babble-rnn

babble-rnn is a research project in the use of machine learning to generate new speech by modelling human speech audio, without any intermediate text or word representations. The idea is to learn to speak through imitation, much like a baby might.

View the Project on GitHub

babble-rnn: Generating speech from speech with LSTM networks

babble-rnn is a research project in the use of machine learning to generate new speech by modelling human speech audio, without any intermediate text or word representations. The idea is to learn to speak through imitation, much like a baby might. The goal is to generate a babbling audio output that emulates the speech patterns of the original speaker, ideally incorporating real words into the output.

The implementation is based on Keras / Theano, generating an LSTM RNN; and Codec 2, an open source speech audio compression algorithm. The resulting models have learned the most common audio sequences of a ‘performer’, and can generate a probable babbling audio sequence when provided a seed sequence.

Read the babble-rnn tech post

View the babble-rnn code on Github

Wondering what babble-rnn can do? Listen to the latest babble produced by the experiments since the original tech report:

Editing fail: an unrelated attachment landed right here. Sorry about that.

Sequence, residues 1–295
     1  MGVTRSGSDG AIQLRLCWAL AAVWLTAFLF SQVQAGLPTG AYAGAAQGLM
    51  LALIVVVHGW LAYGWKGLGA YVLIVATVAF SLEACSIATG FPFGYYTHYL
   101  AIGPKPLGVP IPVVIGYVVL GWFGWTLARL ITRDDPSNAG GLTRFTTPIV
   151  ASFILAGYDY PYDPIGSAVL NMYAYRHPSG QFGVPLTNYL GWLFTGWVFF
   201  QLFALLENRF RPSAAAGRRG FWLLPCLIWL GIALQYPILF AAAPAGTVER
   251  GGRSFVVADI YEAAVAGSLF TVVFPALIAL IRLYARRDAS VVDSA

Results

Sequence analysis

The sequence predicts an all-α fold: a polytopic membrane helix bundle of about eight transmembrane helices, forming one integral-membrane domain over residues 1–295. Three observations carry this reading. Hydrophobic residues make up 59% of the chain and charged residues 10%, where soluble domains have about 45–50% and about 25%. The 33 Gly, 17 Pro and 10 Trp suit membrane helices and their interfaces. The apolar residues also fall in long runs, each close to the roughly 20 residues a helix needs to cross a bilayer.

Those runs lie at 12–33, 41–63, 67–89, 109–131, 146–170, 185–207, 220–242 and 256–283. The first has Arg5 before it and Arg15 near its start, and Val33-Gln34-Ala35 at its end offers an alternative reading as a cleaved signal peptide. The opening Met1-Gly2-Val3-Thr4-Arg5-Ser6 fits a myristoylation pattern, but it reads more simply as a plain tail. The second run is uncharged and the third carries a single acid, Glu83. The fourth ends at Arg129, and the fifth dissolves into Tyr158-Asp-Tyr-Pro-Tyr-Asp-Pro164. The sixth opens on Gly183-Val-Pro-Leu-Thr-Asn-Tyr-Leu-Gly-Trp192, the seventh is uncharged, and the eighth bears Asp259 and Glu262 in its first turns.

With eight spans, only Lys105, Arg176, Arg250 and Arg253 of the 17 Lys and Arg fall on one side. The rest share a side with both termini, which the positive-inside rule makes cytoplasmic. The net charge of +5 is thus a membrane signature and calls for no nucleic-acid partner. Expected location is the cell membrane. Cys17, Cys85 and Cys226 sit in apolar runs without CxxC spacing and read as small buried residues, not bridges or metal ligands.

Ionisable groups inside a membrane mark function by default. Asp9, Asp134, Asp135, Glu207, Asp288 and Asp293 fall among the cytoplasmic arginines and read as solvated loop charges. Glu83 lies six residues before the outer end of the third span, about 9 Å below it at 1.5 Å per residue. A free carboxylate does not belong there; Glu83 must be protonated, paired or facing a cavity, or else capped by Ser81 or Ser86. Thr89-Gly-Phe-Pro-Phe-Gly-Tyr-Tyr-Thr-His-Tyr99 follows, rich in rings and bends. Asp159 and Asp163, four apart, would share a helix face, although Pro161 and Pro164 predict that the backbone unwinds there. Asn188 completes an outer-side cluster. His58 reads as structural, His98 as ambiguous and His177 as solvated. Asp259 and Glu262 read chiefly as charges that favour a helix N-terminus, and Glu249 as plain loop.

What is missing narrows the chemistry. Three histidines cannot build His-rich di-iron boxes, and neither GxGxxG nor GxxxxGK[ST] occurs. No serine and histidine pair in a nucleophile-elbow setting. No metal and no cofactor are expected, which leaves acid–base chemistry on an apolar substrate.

play the audio

This babbler is a stack of 11 bidirectional LSTMs, attempting to learning an encoded sequence of data (frame of 13 normalized parameters, representing 20ms of audio). Groups of LSTMs are trained to, while keeping others locked, to limit the complexity of learning such a deep network.

The audio itself is highly compressed through the Codec 2 (see the original tech post for details) producing a 3200 bit per second stream of frequency, energy, sinusoidal and voicing parameters. An autoencoder learns the features of this against a particular human speaker, to compress the output further. The encoder stage is a mix of 2D convolutional layers, picking features from the Codec 2 data, in parallel with a series of standard hidden layers, before being merged into a single encoded output at a quarter of the rate of the original Codec 2 input (80ms audio per frame, although more parameters output than the original).